Paul's citation of Deut 21:23 in Gal 3:13 is often misunderstood, as Paul is frequently thought to be declaring that Jesus, by virtue of his crucifixion, fell under the curse which Deut 21:23 pronounces on victims of that form of execution. This, it is claimed, was the mechanism by which Jesus atoned for sin, as God transferred the curse resting on humans to Jesus, who bore it vicariously. There is no evidence, however, that Second Temple Jews read Deut 21 as cursing all crucifixion victims. Rather, a wealth of evidence suggests that they understood the Law to curse only those crucified victims who were truly guilty of capital offenses against God. Therefore, there is good reason to believe that Paul, himself a Second Temple Jew convinced of Jesus's innocence, did not believe that Jesus was cursed by God solely by virtue of his manner of death on a cross. Thus, Paul's language in Gal 3:13 when he speaks of Christ “becoming a curse” rather than becoming “accursed” is significant. It refers to Jesus's humiliation and execration at the hands of his fellow Jews, not his becoming vicariously cursed by God. It is thus not an explanation of the mechanism by which Christ achieved atonement. This reading receives virtually unanimous support from Patristic interpretations.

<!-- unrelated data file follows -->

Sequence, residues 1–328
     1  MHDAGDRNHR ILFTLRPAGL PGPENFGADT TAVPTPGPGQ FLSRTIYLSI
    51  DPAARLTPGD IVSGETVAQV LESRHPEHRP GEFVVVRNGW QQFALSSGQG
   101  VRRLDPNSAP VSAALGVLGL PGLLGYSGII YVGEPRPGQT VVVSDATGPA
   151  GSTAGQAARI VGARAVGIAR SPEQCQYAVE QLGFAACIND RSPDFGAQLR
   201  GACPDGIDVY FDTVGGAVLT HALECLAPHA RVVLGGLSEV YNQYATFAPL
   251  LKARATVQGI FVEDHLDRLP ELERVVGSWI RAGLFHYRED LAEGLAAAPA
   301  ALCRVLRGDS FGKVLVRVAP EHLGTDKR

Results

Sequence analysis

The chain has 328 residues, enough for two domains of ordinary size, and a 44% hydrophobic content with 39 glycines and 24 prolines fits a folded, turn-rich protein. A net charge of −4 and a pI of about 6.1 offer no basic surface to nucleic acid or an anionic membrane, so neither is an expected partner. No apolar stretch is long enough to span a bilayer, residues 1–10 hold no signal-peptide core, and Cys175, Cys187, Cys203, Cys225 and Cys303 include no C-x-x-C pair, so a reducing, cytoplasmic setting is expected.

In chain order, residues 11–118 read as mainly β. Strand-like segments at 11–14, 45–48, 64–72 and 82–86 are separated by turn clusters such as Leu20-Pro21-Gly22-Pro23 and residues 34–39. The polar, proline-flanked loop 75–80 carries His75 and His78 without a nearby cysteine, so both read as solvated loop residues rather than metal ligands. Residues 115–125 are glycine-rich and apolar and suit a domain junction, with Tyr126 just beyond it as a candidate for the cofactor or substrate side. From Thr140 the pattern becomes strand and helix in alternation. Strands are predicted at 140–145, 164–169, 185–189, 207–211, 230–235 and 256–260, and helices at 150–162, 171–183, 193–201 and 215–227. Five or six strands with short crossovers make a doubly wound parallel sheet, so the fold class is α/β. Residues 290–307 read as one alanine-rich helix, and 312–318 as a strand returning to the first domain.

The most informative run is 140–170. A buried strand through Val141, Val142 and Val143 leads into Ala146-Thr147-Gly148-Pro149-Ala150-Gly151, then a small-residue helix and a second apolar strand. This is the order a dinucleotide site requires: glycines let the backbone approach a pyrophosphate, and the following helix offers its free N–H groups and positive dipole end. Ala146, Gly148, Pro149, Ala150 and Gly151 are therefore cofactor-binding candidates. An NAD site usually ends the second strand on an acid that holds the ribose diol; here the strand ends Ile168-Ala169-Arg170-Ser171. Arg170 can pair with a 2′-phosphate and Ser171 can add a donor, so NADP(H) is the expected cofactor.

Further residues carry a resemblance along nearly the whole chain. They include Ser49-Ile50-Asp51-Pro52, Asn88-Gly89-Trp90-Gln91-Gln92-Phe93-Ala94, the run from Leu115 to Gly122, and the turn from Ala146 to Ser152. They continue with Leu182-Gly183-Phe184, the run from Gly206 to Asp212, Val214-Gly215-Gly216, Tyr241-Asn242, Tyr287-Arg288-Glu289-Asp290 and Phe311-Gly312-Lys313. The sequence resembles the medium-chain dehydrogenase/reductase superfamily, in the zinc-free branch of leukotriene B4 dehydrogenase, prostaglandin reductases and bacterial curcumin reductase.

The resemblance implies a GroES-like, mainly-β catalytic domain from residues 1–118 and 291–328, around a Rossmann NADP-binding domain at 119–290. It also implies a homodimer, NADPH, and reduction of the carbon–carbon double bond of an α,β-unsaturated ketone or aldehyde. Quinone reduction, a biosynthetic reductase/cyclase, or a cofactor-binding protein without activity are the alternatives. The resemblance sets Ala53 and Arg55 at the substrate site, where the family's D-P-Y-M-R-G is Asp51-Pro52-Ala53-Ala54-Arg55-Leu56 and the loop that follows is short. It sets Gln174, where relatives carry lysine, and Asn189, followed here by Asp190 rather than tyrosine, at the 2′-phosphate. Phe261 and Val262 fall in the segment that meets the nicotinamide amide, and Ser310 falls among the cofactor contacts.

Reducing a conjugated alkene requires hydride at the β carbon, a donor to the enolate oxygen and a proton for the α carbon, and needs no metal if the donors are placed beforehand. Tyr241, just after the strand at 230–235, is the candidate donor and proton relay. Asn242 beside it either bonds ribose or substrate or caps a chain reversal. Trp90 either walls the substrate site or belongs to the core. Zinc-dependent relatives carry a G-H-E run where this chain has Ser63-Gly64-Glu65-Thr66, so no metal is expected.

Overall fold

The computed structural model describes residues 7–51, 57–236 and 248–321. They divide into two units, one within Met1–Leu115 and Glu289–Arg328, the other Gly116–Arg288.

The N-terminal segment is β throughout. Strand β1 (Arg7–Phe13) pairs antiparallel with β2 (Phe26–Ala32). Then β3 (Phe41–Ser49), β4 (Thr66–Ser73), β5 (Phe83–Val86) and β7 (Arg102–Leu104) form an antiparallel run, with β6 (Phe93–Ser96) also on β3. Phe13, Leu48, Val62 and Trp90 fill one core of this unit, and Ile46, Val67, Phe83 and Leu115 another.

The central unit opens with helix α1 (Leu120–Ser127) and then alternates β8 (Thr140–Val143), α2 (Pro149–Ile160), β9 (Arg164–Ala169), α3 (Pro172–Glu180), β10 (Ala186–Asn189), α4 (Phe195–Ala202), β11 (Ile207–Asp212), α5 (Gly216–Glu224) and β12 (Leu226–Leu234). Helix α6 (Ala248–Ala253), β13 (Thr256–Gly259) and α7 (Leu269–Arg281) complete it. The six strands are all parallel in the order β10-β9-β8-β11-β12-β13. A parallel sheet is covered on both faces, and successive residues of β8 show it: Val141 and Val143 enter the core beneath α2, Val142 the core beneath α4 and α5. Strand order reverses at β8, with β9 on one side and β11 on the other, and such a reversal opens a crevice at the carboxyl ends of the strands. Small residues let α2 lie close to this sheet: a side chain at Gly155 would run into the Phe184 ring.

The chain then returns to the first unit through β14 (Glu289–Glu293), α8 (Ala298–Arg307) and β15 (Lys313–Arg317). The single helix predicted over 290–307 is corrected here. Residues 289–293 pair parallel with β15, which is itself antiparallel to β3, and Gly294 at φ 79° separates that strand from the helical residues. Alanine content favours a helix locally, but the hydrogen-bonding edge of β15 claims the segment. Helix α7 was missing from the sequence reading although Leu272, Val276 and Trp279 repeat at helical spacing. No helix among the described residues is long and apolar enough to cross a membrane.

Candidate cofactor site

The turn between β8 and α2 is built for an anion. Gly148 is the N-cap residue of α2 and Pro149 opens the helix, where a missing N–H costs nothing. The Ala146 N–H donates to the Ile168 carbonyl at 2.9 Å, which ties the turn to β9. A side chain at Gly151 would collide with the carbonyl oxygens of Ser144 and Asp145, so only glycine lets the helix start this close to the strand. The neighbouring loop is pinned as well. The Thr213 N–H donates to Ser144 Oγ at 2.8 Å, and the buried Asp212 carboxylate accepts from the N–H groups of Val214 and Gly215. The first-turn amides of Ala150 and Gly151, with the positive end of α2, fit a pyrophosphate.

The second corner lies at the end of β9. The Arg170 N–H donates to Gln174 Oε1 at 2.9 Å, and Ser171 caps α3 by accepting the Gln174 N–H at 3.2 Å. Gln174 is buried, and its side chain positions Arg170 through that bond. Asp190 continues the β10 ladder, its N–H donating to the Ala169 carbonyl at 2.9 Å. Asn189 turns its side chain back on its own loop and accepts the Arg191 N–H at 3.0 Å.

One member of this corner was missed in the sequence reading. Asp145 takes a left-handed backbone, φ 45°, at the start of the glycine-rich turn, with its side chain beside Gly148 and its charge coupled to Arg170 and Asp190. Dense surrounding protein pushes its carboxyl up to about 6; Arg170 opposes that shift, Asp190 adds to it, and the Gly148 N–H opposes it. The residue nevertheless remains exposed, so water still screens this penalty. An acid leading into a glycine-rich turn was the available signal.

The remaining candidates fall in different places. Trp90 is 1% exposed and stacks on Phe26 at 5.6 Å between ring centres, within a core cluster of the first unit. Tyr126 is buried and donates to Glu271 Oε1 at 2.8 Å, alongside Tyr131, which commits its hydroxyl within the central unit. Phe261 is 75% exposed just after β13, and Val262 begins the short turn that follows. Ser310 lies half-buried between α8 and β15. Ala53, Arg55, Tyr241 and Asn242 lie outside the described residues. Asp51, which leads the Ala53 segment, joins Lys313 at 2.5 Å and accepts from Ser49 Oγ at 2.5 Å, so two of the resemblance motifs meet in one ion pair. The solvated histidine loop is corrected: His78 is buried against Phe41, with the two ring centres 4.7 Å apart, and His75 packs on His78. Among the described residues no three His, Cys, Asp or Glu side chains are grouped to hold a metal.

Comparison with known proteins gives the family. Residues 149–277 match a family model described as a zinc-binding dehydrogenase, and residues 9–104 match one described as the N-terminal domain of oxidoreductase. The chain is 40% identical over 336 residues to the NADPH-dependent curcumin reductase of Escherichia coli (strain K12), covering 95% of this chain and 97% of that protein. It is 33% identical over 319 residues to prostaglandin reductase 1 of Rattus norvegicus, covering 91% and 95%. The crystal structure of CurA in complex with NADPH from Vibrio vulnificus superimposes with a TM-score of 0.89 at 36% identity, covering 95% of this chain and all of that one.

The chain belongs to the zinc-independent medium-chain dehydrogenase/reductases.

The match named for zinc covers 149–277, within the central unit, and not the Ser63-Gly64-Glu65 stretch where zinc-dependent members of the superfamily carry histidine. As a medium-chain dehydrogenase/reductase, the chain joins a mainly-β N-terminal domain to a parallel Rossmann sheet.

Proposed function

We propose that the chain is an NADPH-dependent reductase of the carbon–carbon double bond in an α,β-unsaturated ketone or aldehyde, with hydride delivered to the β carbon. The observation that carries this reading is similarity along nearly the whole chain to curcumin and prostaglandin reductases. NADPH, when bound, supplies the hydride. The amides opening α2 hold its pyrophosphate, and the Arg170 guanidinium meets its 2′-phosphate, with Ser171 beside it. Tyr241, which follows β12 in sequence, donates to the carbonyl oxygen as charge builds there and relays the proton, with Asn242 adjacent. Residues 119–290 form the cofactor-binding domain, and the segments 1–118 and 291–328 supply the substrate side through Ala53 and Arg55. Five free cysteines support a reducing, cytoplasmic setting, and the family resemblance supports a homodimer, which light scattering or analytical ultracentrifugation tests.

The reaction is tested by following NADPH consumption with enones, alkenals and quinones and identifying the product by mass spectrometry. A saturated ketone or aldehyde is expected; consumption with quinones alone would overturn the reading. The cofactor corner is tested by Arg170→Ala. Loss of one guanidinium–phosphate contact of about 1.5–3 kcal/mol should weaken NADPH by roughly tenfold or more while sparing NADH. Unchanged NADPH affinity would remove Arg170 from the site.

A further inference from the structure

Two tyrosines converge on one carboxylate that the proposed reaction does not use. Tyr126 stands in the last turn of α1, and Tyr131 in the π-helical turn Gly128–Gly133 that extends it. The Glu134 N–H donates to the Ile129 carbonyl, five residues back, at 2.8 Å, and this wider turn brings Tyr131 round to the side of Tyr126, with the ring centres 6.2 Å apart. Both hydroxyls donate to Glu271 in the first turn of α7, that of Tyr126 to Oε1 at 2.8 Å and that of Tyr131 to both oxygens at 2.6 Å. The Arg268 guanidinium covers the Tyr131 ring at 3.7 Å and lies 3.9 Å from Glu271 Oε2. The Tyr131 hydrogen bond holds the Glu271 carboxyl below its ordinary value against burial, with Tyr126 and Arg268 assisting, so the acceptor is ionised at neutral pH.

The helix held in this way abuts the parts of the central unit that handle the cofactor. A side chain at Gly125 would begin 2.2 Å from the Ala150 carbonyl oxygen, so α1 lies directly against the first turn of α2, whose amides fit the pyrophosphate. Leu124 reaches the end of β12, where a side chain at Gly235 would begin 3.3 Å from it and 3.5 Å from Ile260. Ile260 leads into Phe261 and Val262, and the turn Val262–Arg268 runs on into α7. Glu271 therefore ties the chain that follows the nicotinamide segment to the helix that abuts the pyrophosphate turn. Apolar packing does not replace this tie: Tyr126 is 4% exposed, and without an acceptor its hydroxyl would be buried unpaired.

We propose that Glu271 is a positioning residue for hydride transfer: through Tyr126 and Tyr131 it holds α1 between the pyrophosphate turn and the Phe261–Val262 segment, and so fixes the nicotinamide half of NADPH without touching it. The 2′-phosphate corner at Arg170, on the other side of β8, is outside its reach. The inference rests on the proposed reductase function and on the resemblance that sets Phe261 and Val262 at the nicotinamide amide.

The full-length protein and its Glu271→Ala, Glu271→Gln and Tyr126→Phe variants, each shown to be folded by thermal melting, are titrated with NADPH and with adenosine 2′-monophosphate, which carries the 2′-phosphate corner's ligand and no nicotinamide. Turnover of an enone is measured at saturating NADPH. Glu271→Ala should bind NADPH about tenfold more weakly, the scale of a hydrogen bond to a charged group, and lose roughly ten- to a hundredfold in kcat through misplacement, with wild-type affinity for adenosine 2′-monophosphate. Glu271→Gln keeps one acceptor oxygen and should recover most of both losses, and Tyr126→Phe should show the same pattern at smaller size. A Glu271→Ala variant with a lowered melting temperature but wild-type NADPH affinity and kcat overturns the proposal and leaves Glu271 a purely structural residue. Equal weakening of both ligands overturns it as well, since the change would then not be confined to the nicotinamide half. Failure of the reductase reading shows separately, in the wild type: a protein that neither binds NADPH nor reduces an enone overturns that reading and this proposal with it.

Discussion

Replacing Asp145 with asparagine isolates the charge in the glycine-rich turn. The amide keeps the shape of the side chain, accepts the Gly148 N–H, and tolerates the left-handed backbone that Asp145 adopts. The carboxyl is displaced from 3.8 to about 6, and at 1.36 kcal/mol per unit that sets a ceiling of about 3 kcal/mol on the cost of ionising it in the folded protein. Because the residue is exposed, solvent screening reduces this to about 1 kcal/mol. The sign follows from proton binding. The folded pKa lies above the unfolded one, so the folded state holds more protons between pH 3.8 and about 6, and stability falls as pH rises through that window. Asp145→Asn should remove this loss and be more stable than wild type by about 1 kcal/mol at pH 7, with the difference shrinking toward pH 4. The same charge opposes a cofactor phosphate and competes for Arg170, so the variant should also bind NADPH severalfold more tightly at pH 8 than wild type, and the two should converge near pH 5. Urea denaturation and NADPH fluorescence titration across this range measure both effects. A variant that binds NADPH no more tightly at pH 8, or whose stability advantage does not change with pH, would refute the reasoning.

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Research Article| October 01 2015
Cursed by God? Galatians 3:13, Social Status, and Atonement Theory in the Context of Early Jewish Readings of Deuteronomy 21:23
Journal for the Study of Paul and His Letters (2015) 5 (2): 189–209.
Daniel R. Streett; Cursed by God? Galatians 3:13, Social Status, and Atonement Theory in the Context of Early Jewish Readings of Deuteronomy 21:23. Journal for the Study of Paul and His Letters 1 October 2015; 5 (2): 189–209. doi: https://doi.org/10.2307/26371766
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